For the uninitiated, Dracula Daily is an email newsletter. The newsletter follows the events of the classic novel Dracula in the order that they happened chronologically and delivers them in the epistolary way in which the entries were written. When Stoker wrote Dracula, he wrote it via letter and journal entries, which were then compiled out of order. This was intentional as the strange chronological timeline was meant to help with the building horror of who/what Count Dracula was and what he was up to.
Though this is not Dracula Daily’s first go around, this is absolutely their most successful. I first saw a small, casual explanation of Dracula Daily posted on Tumblr in late April and subscribed immediately, only for the newsletter to take off in a stunning success with the entirety of my Tumblr dash. People are loving this idea, especially long time fans of Dracula who are watching first time readers enjoy the novel in a new manner.
In fact, others have been inspired–I’ve seen that someone is hoping to do a similar project with Frankenstein and Carmilla.
Since this is an “early review” (the full contents of Dracula Daily won’t be done until November) I’ll be skipping any usual formatting and just diving right in to my thoughts on the experience itself.
First of all, I do believe you should consume Dracula as it was originally meant to be before subscribing to Dracula Daily. Stoker put together the novel in a particular order, and as many readers of Dracula Daily have already noticed, the book becomes unintentionally funny when rearranged in chronological order. If possible, I would recommend reading or listening to the original form of the novel first.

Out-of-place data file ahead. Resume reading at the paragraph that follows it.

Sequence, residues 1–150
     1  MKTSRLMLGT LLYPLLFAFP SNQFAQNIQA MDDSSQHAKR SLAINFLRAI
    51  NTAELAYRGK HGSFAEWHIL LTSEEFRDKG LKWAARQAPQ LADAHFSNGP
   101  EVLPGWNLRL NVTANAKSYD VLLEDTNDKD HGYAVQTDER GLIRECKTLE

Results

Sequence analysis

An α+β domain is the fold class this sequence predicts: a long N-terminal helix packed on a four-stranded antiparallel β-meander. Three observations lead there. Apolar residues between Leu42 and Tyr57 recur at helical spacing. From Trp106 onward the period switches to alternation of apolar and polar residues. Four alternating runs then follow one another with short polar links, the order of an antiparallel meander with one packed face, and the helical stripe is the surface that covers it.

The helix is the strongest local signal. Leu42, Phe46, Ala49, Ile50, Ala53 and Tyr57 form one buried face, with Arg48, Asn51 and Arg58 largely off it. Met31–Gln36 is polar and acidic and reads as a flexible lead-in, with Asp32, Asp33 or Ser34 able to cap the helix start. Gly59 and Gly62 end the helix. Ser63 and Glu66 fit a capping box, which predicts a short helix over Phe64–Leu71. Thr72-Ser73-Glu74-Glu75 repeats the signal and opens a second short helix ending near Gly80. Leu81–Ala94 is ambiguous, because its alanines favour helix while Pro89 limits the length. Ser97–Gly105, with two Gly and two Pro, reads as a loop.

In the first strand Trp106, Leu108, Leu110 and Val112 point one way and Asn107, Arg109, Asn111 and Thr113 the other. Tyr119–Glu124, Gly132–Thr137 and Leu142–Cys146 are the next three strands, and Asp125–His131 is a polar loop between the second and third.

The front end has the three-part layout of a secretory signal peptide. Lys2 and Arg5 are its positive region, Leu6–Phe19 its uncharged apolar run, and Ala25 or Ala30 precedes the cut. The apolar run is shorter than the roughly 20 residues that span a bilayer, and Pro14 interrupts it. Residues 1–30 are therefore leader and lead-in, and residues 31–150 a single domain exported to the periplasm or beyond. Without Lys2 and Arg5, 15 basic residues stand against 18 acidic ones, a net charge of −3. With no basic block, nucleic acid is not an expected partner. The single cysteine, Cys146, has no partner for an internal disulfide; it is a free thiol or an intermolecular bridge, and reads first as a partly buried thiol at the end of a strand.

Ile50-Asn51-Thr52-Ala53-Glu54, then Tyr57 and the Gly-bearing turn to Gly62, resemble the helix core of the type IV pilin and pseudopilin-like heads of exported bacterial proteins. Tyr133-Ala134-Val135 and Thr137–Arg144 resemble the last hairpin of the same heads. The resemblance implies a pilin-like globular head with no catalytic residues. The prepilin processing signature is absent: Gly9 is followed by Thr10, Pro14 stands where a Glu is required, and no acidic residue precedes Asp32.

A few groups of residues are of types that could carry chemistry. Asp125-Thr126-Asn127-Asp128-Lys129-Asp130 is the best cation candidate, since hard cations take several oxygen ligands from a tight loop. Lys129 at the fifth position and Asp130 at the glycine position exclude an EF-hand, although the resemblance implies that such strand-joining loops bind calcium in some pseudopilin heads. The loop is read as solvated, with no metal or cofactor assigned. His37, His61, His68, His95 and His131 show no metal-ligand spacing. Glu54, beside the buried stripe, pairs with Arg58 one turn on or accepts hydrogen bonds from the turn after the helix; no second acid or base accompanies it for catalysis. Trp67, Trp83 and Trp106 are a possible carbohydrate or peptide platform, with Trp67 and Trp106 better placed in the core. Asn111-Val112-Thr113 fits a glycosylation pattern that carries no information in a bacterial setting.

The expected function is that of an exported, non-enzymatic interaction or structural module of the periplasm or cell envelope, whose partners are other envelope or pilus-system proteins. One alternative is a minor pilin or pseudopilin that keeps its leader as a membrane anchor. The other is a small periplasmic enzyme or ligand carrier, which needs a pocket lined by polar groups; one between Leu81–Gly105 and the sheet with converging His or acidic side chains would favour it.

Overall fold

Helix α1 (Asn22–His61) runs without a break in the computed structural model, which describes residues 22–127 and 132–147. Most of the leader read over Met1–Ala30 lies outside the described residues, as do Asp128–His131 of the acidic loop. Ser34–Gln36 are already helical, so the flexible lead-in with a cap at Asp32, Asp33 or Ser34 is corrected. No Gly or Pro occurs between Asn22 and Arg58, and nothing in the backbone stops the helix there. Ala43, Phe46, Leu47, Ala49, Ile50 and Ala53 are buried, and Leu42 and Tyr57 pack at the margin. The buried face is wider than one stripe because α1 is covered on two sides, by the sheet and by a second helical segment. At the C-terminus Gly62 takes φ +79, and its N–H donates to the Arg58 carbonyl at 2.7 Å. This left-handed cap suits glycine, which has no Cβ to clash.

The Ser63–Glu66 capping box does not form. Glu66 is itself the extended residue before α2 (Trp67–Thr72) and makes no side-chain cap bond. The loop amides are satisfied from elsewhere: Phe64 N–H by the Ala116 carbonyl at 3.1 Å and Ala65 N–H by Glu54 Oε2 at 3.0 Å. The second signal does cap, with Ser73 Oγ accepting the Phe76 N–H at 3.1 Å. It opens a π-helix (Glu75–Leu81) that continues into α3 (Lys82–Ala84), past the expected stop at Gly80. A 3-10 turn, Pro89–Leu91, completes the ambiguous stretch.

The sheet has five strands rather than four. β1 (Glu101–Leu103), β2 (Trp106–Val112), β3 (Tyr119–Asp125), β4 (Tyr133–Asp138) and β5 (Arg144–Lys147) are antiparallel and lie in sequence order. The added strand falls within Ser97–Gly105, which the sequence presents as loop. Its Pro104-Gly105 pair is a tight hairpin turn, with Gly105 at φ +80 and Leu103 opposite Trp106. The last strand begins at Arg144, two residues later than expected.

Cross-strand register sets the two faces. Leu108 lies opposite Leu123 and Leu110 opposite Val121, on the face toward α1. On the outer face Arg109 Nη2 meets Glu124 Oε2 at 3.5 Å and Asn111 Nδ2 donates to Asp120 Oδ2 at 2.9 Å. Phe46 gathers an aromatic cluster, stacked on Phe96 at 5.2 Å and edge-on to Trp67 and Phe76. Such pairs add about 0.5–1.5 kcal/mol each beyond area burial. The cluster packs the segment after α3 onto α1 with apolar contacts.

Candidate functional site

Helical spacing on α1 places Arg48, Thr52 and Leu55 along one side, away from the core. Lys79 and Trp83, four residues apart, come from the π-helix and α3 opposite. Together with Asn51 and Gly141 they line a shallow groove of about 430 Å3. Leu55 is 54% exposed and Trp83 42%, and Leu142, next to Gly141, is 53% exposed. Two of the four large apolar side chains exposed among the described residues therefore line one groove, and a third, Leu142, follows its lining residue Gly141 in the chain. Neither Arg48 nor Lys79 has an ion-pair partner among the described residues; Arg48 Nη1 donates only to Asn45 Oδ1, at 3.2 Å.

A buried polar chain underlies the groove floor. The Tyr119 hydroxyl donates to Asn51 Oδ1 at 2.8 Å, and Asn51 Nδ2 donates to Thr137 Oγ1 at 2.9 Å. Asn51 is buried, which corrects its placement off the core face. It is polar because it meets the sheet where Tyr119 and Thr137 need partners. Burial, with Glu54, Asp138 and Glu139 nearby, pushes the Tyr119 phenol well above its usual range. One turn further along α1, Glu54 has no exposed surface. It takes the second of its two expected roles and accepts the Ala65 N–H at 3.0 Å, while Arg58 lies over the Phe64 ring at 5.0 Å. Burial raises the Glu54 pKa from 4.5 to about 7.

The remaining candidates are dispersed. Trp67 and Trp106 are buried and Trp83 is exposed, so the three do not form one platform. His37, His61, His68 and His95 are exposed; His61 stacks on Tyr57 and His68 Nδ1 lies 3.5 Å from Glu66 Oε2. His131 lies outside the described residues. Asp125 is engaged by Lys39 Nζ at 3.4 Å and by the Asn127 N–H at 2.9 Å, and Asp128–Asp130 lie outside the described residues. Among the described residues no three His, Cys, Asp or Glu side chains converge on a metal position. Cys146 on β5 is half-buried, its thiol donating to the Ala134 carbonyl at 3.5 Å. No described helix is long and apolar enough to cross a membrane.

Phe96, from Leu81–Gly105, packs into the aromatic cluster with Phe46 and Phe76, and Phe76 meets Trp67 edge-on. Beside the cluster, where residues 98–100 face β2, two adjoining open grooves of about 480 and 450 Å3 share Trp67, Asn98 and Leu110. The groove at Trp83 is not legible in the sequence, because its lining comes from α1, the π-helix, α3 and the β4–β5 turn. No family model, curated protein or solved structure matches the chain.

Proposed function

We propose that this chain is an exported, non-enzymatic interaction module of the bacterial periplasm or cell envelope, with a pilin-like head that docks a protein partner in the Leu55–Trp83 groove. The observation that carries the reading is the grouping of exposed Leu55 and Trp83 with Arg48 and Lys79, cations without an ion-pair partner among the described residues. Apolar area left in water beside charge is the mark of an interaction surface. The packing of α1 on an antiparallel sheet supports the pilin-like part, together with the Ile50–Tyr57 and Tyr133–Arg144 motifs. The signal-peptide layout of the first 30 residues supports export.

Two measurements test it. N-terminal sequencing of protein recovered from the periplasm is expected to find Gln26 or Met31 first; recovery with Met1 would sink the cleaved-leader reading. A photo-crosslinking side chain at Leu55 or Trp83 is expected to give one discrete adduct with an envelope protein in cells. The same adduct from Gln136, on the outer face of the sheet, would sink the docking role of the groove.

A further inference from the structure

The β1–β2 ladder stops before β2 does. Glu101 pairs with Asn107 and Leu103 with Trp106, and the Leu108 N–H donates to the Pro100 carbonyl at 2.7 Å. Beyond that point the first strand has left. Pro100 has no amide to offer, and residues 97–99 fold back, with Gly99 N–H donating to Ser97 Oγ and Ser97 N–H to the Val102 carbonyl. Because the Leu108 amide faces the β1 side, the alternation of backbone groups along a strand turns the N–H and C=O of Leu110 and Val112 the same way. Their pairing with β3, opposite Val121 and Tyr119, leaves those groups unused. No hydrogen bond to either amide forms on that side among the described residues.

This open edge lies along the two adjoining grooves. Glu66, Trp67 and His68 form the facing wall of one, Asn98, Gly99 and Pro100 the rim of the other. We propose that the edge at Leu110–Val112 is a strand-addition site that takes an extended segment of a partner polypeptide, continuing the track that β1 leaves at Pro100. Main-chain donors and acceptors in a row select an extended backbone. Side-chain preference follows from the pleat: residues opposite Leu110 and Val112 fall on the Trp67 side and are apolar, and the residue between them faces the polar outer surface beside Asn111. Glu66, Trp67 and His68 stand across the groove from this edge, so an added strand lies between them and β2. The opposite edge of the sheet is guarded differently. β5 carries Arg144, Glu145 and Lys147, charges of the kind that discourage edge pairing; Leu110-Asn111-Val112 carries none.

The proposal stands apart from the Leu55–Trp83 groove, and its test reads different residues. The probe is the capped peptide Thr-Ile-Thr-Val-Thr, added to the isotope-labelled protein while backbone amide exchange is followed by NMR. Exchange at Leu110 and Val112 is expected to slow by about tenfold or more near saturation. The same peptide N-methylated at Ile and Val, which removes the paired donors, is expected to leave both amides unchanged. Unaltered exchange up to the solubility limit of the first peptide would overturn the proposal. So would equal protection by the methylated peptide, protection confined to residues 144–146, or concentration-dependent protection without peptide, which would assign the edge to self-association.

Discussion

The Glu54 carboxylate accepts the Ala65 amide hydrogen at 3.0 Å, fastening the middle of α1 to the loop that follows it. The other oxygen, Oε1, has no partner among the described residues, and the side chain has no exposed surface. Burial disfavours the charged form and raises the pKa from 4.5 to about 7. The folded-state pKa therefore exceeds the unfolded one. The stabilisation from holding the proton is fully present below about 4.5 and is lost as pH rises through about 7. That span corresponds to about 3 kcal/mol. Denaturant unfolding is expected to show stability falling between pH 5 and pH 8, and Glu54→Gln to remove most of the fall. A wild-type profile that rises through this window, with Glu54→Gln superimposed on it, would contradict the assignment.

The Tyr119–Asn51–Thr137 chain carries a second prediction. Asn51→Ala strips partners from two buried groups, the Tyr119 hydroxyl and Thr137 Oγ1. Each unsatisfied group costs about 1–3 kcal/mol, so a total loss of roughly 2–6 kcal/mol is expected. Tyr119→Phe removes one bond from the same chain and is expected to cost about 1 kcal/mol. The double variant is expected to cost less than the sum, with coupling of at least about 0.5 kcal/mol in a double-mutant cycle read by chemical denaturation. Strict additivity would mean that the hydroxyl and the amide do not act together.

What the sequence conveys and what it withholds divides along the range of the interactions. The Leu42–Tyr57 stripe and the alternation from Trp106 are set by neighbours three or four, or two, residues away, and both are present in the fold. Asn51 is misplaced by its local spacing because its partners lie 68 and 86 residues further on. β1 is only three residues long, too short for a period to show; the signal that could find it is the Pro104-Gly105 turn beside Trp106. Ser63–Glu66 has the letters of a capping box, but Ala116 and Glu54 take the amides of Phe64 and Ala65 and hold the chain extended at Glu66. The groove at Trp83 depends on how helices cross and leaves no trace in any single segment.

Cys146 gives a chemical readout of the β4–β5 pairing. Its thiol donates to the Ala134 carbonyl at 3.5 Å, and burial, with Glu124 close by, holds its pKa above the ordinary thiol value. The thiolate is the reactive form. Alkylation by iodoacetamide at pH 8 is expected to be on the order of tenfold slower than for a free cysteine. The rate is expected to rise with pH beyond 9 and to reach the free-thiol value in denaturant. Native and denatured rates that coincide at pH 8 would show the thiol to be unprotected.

That being said, I think Dracula Daily is a brilliant way to revisit the classic! The unintentional hilarity of getting a break between Jonathan’s harrowing journal entries to get Lucy and Mina talking about boys is fantastic. Not to mention, the unusual little internet community that has grown among participants in the subscription adds to the fun. Everyone is referring to him as “my dear friend Jonathan” and acting as though we are all collectively receiving these email updates from him. It’s good fun, really.
What I am looking most forward to is actually watching the characters unravel who Dracula is over time. Thus far, the only real break from the original format of the novel has been introducing Mina and Lucy’s letters earlier than you first experience them in the original book. I’m looking forward to later in the story when these alterations in favor of chronological order happen more often–especially in regards to the conflicting versions of events amongst the different characters!
A useful tool for Dracula Daily is the full archive of the entirety of Dracula–if you miss a day or don’t want to bother with your emails, you can always rely on the archive to get caught up. This also means that while you won’t get the experience of Dracula sent right into your email inbox, you can experience Dracula Daily at your own pace at any time. I would say that overall, though, the most fun part of the subscription is the actual arrival of the emails. Unless you have memorized or pulled up a chronological timeline of the events of Dracula then the emails are a pleasant little surprise!
If you’ve subscribed to Dracula Daily feel free to drop a comment and tell me what your favorite part of it is!